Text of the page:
The best man stands to give his speech……
The guests are silent, waiting for the revelations that are about to come from the best man in his speech. They want the stories, the gritty details about the groom’s shady past, the ex-girlfriends, the day he was so drunk that he woke up in a telephone box wearing someone else’s coat and minus his trainers…. but never the stag do stories, after all those are sacred and what happens in Cardiff stays in Cardiff!
The best man comes to the wedding with all the best intentions though. He’s spent weeks perfecting it and reading and re-reading it, pulling bits out, adding bits in, tweaking here and there. There are soooooo many stories he could have used and it’s been a trial in itself deciding which ones should make the cut. He wants to amuse people, but in a way that amuses people and doesn’t offend the family at the same time. The bride is a good sport right? She’ll appreciate a good joke at her new husband’s expense. And then the best man suddenly realises that he actually doesn’t know the bride very well at all. Will she appreciate a laugh and a joke…… or not?? Good grief, this is harder than it seems!
So back to the day, the best man stands, the crowd hushes and with a croak and the clearing of a throat he begins. “I first met James at a house party…….” There’s a dangerous line right there. Cue the hilarious story about how they came to find out that they were soul mates and to become best buddies through their mutual love of beer. Here is the point where anything can happen. It can go brilliantly and he’ll be a legend forever, or he can make a right old mess of it and he’ll be a talked about forever for a completely different reason. We’ve all been to that wedding where the speech was horrific. You cringe at the poor guy as he battles his way through it. It’s too long, it’s not funny, you can’t hear properly, and quite frankly you could do better yourself.
So how do you make sure that doesn’t happen to you and you do end up with legend status? We’ve put together some tips on how you prepare and how you present. Make notes guys, this is important……
DO work on the speech in good time
The night before the wedding is really not the time to start working on your speech. “You don’t say” I hear you all muttering at your screens, but it happens, a lot! It’s put off and put off and then before you know it it’s too late and you’ve got to knock something together a bit quick. It’s a daunting task and it’s important to start on it nice and early. It’ll give you time to allow for writers block, for you to put it down and come back to it when you think of bits and pieces you’d like to add, time to read and re-read it and practice presenting it.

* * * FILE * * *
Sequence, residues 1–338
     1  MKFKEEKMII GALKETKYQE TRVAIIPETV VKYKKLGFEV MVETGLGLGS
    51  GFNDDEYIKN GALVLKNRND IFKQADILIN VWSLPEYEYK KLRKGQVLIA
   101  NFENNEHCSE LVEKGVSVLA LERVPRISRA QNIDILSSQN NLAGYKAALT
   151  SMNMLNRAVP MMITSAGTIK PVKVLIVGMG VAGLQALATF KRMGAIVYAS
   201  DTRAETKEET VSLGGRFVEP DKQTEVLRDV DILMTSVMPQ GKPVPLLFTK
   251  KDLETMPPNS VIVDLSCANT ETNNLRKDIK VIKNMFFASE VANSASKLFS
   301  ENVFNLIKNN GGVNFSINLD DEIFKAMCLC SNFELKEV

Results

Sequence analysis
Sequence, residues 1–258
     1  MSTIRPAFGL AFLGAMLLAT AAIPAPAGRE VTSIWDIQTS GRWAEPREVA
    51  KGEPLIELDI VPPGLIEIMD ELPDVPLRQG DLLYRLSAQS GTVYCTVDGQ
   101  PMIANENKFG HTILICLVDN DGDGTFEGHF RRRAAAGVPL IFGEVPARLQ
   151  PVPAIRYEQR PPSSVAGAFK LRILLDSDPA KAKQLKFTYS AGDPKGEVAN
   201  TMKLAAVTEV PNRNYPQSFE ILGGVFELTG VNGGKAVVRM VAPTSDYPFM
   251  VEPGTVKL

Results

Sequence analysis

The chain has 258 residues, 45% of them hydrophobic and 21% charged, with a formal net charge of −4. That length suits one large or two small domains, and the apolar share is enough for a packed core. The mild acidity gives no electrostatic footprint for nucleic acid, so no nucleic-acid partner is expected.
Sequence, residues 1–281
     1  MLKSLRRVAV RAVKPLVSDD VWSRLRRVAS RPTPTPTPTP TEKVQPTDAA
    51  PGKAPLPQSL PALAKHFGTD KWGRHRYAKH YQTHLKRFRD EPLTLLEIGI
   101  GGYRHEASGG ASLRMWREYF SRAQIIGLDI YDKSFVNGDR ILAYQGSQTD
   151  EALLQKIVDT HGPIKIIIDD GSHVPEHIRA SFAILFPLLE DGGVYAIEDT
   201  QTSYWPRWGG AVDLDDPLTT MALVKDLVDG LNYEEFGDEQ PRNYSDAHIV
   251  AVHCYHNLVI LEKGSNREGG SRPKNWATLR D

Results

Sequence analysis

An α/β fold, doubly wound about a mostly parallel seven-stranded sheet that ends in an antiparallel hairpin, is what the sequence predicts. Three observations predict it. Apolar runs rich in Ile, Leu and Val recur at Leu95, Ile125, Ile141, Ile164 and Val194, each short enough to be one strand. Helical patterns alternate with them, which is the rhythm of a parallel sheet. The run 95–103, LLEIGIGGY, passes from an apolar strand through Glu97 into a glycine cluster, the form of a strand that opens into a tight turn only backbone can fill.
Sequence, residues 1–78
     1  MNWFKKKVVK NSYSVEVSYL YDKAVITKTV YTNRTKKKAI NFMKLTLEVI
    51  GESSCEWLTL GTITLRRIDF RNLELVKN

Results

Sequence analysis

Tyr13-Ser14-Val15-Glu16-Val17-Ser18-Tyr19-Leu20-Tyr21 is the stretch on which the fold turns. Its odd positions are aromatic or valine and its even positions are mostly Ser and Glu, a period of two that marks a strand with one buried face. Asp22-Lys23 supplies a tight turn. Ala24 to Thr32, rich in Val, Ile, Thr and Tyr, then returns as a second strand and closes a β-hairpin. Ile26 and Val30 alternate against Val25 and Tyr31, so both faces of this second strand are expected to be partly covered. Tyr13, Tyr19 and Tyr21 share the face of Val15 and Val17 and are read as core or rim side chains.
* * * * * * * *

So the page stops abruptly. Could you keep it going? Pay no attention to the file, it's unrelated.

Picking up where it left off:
DON’T over egg it
Everyone loves a good speech but even the best speech gets tiring if you’ve been listening to it for half an hour. Keep stories and anecdotes concise so that people don’t have to concentrate on the entire back catalogue of friends that appear in the story. It’ll also give you chance to get more funny things in the speech, and will reassure you that if one story isn’t going well it’ll be over and on to the next one soon!
DO have a dig at the groom but DON’T go overboard
Of course you’ve got to poke fun at the groom, that’s the point of the speech isn’t it, but don’t step over the line with it. After all, this poor guy is supposed to be your best friend, or close family, and you want him to really enjoy it and want to relive it later on down the line. Every groom wants the legendary best man, not the one that crucifies him on his wedding day. Also have some thought for the bride at this point. Steer clear of the ex-girlfriends in this speech. As brides we know they’re there, we know they’re in the past, and that’s where they need to stay!
So you’ve got your speech and you think you’re happy with it. Fabulous news. The hard work is done. Before launching it to the public though please practice. Practice standing up and talking, even if you’re talking to yourself in the mirror or to the people on the TV. You will almost certainly have to project your voice so the people at the back can hear you otherwise you’ll have lost half the room before you’ve started. Read it to someone else who will give you an honest opinion – not just someone who will tell you it’s hilarious. Get someone who can give you a good honest critique to listen to you, and listen to what they say. If they tell you something is overstepping the mark then you should probably take that into account, after all you don’t want to offend the guests.
On the day DO make sure you’ve got a drink to hand
You’ll need one to keep your dry mouth at bay while talking, and one to toast the happy couple with. Don’t get seriously drunk first though. You don’t want to embarrass yourself or the bridge and groom.
DO take your time and remember to breathe
Sounds obvious but you may find that you stand up and the voice in your head is screaming “talk faster, get it over with”. There’s no hurry, and you want people to enjoy it. Why not enjoy the limelight yourself for a few minutes. Be natural and let your personality come through. These are your words, not someone else’s script.
DON’T forget to mention the bride
Tell her how amazing she looks, and how happy she makes the groom. You don’t need to mention the big blow out arguement they had last year, today is all that matters.
DO finish your speech with a toast to the happy couple
There! Easy wasn’t it! Well done you for giving the most amazing speech any groom has ever heard.
Have a fabulous day, Terri x
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